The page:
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If you knew you'd live to 100, how would you change your life today?

The Service Mindset



All this month we have been looking at being of service and the many health and other benefits of doing so. However, being of service not only requires taking action, it requires creating a service mindset. Going through life with a service mindset makes the world a better place for you and the people around you! It’s a key component of living at 100:100, 100% for a 100 years or more.


A service mindset doesn’t come naturally for everyone. It goes beyond just being nice. To truly come from a place of service you must have respect for the person or people you are serving. If your actions, regardless of how selfless, are done begrudgingly, that isn’t a service mindset. 

Answer This

How do you respond when someone asks you to be of service? Does it make a difference if you know the person well, or hardly know them, or don’t know them at all? Does it matter if their request is easy for you to help with or takes you out of your way—or out of your comfort zone? Do you think it’s a compliment or an imposition when someone seeks out your help?

The answers to all those questions determine whether or not you have a service mindset. Regardless of how you answered those questions, if you are willing, creating the shift to a service mindset is possible. In creating that shift, you will reap all the positive rewards that come along. 

Creating the Shift

For many of us we don’t get involved in helping other people because we don’t feel like we have anything to contribute and we’re afraid of doing something wrong. In many instances it’s our own insecurities that keep us from being of service. Insecurity can be isolating, keeping us detached from what we perceive to be other people’s problems. Remember, no one wants to live to 100 alone! So, when people ask you to serve, in whatever way, recognize it for the compliment that it is. Often people see in us things we don’t see in ourselves. 

Generosity of Spirit

Developing a service mindset doesn’t mean that you will always do what anyone and everyone asks of you. Setting personal boundaries is always important. However, it does mean that you will come from a place of generosity of spirit when responding. 

Sometimes people will ask for something you can’t deliver, but you can still be of service. Looking someone in the eye when you speak to them makes someone in crisis feel like they have been heard. Listening to people when they speak and acknowledging their pain is sometimes the most valuable support that you, or anyone, can offer.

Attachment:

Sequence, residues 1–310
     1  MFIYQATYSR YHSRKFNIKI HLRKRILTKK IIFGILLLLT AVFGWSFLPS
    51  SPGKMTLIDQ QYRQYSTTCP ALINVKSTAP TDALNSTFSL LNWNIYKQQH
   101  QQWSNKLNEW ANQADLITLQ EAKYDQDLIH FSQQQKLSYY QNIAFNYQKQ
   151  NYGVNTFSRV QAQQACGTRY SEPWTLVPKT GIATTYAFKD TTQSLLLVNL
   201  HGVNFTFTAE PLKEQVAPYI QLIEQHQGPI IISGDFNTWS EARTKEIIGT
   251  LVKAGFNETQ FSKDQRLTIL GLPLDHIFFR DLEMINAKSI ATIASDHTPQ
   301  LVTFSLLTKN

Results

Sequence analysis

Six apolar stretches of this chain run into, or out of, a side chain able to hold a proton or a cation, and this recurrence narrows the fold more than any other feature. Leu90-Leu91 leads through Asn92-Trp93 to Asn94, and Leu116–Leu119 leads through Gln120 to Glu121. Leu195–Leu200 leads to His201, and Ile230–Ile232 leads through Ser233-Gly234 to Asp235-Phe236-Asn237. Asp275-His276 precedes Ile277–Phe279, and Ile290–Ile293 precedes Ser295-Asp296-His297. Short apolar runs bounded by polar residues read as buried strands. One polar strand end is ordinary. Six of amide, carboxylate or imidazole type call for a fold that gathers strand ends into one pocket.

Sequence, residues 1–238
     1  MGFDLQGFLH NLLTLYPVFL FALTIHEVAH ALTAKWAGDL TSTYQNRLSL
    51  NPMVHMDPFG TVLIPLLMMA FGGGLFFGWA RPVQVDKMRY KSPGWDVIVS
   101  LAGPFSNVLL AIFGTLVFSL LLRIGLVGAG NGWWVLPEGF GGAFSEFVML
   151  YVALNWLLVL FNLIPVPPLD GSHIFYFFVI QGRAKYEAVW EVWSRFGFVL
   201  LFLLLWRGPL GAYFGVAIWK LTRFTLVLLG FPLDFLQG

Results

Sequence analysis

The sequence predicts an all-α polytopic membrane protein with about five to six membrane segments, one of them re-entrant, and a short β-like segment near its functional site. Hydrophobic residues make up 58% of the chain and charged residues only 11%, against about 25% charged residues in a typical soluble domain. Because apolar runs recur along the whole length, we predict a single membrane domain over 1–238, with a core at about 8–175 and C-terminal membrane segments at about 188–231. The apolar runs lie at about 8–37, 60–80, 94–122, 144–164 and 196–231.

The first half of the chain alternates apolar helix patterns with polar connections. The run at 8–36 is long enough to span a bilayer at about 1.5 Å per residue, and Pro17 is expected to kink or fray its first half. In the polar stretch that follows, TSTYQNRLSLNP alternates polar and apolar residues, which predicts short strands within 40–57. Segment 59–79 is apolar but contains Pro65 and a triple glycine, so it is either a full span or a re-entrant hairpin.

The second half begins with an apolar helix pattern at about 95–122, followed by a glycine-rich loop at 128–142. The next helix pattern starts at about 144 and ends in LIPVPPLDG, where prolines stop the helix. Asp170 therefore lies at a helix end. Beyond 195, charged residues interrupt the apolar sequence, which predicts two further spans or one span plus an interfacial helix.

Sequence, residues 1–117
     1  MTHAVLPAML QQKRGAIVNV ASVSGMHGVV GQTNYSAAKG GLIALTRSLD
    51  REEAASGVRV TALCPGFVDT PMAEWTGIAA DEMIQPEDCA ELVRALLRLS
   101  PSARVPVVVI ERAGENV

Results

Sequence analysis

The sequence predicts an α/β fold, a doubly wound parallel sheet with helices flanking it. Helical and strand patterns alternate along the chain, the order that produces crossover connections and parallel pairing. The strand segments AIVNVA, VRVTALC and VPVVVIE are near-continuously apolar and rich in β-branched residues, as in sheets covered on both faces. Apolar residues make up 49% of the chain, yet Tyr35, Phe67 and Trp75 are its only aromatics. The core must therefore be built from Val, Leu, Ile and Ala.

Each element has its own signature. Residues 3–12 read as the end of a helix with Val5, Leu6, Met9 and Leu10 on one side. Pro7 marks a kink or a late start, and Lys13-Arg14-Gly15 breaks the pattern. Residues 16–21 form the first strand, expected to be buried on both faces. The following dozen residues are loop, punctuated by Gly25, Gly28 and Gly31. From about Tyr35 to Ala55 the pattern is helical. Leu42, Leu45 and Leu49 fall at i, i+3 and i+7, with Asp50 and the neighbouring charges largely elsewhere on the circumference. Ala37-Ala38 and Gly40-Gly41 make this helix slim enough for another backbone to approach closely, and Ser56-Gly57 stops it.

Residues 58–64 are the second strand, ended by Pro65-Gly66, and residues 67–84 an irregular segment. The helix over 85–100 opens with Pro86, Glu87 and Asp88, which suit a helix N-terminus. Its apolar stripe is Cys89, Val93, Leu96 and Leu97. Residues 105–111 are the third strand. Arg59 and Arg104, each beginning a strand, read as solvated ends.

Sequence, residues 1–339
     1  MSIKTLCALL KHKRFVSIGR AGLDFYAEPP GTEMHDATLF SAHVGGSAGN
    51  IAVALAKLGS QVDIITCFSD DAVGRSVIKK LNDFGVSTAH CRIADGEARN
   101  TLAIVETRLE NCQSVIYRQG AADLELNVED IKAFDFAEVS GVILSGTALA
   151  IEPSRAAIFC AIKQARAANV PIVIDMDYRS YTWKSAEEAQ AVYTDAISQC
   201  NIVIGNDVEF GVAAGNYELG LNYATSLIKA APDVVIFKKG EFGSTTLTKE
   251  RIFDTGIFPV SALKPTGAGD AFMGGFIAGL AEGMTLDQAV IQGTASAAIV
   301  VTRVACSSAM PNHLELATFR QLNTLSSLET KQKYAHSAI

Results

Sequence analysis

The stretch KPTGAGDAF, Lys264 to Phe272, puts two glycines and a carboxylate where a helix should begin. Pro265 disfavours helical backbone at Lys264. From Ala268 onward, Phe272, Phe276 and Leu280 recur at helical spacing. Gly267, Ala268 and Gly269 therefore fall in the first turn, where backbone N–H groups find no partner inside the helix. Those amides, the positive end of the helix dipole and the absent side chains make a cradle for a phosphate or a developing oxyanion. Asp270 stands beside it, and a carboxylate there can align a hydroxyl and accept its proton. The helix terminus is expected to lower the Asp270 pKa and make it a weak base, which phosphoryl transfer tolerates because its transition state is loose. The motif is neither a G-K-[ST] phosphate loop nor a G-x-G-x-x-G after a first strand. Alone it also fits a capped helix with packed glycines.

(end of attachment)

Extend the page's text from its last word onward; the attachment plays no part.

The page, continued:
Intentional Acts

Checking back in with a person after they have shared their situation with you is an intentional act that shows you care, and that you are coming from a true service mindset. And, yes, sometimes dropping what you are doing—your own plans and intentions—to help someone else is part of the servant mindset. 

The Fixer

Developing a servant mindset means knowing that you will not always be able to “fix” things for someone in need. But, that doesn’t mean that you need to distance yourself from that person. Sometimes you are just part of a larger process that can take time and lots of effort and energy on the part of many people before the situation is truly “fixed.” That doesn’t mean that you shouldn’t do your part. 

Give and Receive

Lastly, truly having a servant mindset as part of your 100 Year Lifestyle means that you realize that sometimes, you will be the one asking for and receiving the help. Just as you would generously serve someone else, let others serve you. Asking for an ear or help in a time of need is the basis of relationships that can last a lifetime. Giving but never receiving doesn’t lead to a full or meaningful life. 

Our Service Mindset

At The 100 Year Lifestyle our providers come from a service mindset, and are grateful for the opportunity to serve our communities. There is a provider near you ready and eager to be of service to you! Find them today!







Meet Dr. Eric Plasker


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